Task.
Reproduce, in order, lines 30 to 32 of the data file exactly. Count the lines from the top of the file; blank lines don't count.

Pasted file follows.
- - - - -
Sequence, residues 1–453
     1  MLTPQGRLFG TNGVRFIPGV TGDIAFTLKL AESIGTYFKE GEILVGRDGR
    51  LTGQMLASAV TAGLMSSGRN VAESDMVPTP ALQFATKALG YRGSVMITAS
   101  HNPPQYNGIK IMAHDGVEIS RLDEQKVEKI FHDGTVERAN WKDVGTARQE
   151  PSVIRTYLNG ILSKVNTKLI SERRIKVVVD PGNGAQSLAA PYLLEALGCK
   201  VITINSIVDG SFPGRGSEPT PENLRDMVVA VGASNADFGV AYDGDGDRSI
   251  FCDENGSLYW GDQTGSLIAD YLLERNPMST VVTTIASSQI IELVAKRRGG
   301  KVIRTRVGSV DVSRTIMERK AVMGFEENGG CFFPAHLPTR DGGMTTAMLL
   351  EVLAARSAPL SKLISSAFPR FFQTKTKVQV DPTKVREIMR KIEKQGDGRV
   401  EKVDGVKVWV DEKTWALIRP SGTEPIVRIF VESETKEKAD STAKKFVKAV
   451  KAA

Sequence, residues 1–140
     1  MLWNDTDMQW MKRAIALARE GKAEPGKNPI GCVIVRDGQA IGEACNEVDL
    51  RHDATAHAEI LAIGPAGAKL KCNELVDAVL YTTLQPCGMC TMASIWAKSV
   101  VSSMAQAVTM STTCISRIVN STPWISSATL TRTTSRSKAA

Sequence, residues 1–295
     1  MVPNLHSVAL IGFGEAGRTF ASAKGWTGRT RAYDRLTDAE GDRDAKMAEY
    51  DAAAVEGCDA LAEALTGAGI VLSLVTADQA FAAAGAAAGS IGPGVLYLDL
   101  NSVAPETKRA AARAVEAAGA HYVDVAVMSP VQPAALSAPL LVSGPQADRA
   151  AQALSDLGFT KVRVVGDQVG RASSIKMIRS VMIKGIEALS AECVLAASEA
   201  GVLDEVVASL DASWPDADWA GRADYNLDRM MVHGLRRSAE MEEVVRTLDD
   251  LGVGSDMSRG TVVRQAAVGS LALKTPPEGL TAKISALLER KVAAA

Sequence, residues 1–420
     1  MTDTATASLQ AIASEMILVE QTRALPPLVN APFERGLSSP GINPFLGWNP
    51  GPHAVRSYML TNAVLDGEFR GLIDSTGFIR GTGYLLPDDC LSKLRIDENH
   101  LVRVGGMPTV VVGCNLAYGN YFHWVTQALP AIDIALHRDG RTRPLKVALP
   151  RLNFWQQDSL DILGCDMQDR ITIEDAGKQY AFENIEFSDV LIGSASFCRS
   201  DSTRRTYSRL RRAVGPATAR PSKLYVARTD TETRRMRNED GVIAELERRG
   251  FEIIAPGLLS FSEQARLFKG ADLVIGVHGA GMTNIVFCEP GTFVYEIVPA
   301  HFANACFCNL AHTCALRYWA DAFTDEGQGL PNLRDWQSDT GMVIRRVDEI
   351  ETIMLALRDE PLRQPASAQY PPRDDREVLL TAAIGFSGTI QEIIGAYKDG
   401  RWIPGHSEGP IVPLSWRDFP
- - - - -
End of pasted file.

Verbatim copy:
   301  HFANACFCNL AHTCALRYWA DAFTDEGQGL PNLRDWQSDT GMVIRRVDEI
   351  ETIMLALRDE PLRQPASAQY PPRDDREVLL TAAIGFSGTI QEIIGAYKDG
   401  RWIPGHSEGP IVPLSWRDFP